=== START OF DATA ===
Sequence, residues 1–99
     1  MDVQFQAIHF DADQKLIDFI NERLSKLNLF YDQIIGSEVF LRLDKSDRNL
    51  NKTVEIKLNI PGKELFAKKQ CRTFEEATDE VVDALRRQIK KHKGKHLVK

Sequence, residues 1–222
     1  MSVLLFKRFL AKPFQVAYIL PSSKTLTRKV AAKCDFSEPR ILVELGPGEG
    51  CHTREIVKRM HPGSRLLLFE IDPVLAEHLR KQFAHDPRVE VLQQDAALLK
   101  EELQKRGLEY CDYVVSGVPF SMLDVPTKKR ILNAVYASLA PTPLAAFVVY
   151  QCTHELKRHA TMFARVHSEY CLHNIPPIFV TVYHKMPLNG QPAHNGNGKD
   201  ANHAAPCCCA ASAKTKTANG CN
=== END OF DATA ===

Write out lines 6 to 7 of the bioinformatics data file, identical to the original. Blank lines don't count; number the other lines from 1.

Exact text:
    51  CHTREIVKRM HPGSRLLLFE IDPVLAEHLR KQFAHDPRVE VLQQDAALLK
   101  EELQKRGLEY CDYVVSGVPF SMLDVPTKKR ILNAVYASLA PTPLAAFVVY